My boss and his wife just became parents.
They are about to enter a marvelous world unlike anything they’ve ever experienced, or ever will.
I know. I’ve been a member of that club for several years.
I remember when my first daughter was born. I wasn’t one of those dads pacing the floor of the hospital waiting room. I was right there in the room when she arrived that morning in 1987.
That didn’t change after we brought her home. I’d rock her to sleep, change her diapers, bathe, feed and burp her. I’ve lost track of the number of mornings I was up feeding her at 2 or 3 a.m., even when I had to be at work within a few hours. It’s not easy to hold a bottle for an infant when you can barely keep your eyes open.
But you know something? I’d do it again.
I didn’t know much about helping to raise a child in the beginning. I learned right off the bat that the stork doesn’t hand out complimentary parenting handbooks to anyone. All parents begin wondering, what am I supposed to do? But that’s OK. Experience, and in-laws, are great teachers.
I admit it. I didn’t always know what I was doing. Sometimes I asked advice. Sometimes I just winged it. A couple of times I just knew.
By the time my daughter was around 8, I was spending more time with her. We’d have breakfast at Shoney’s on Saturdays. We’d go to a movie or a local festival. I remember driving around with her in the car on Saturday evenings, listening to Garrison Keillor’s humorous News from Lake Wobegone monologues on public radio.
Saturdays were our day, and that’s how we liked it.
Then one day I finally understood. I discovered the key ingredient to raising your own small person. (Of course, it was many years after she was grown and had left home when I figured it out, but hey, better late than never, right?) And it’s so simple, yet so complicated.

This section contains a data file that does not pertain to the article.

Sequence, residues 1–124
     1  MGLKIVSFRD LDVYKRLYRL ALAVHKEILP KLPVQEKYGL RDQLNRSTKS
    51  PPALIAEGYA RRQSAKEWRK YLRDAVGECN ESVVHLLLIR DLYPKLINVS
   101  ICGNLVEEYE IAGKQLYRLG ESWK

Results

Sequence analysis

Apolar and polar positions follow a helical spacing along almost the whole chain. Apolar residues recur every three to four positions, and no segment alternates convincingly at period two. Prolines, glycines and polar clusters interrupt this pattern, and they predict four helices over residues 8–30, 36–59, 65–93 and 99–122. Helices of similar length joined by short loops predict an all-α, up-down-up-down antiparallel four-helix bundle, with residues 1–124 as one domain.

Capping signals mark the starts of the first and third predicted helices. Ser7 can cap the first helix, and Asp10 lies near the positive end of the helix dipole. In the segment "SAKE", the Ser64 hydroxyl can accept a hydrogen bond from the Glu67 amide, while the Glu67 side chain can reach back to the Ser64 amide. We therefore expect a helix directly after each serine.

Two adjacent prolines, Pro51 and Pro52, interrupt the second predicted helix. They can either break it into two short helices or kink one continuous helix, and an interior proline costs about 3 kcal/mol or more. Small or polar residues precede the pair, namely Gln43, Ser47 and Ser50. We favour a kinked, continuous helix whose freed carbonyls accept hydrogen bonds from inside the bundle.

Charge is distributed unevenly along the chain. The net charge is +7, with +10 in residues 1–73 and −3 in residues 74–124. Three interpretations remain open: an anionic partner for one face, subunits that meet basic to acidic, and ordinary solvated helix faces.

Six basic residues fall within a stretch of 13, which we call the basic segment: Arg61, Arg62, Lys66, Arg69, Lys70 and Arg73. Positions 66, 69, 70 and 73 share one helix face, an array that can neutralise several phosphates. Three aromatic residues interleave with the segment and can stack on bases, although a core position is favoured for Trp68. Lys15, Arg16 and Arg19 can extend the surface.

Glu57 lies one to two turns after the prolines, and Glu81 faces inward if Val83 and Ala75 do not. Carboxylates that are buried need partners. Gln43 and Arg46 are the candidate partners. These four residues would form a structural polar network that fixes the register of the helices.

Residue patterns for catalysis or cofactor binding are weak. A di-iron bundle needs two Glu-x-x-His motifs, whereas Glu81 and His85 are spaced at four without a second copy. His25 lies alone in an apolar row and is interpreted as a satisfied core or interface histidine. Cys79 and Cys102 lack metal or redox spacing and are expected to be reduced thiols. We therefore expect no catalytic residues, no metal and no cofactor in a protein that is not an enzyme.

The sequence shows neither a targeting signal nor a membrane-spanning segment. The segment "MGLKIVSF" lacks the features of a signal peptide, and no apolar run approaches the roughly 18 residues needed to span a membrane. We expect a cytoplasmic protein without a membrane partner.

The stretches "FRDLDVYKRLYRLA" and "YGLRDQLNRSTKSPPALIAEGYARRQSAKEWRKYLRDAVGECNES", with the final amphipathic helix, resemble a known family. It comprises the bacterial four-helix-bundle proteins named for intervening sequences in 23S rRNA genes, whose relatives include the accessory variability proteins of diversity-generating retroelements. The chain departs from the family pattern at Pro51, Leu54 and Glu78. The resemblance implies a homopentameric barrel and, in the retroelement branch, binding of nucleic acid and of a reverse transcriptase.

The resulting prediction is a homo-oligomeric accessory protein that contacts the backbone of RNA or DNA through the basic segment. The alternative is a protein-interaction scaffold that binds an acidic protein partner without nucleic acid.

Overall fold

You know what kids need?
Your time. They know you don’t have all the answers—well, they eventually figure that out. (No need to tip your hand too soon.) They just want you to spend time with them.
Sometimes that may include them laying on your chest while you pat their back and burp them. (Note: don’t attempt this if they’re old enough to roll their eyes when you say “good morning” or operate a motor vehicle.) Sometimes it may involve taking them to a game or movie or a cow birthing. Maybe it’s taking them out for breakfast. Sometimes it may just be listening to them talk about someone they like at school. (Just don’t let them hear you snore. Not good.)
Sure, parenting isn’t easy. There will be a few restless nights. Yea verily, there shall be a few skinned knees and elbows. Babies and children seem to like food, so be prepared for that as well. And if you’ve never changed a diaper, well neighbor, you’re in for a real treat.
So yeah, being a parent is hard, and without an owner’s manual, doubly so. But, you can do this. You can raise your very own healthy small person into a healthy big person. I know you can do it. How can I have such confidence in you, someone I may have never even met?
Because I did it. I figured it out.
So, go forth and multiply. Stop reading this and go begat—hey, wait!
I’m not finished yet. Come back here.
Gird your loins.
Learn how to say, “no,” once in a while.
But sometimes it’s OK to say, “yes,” too.
Now you may go. And hey—let’s be careful out there. 78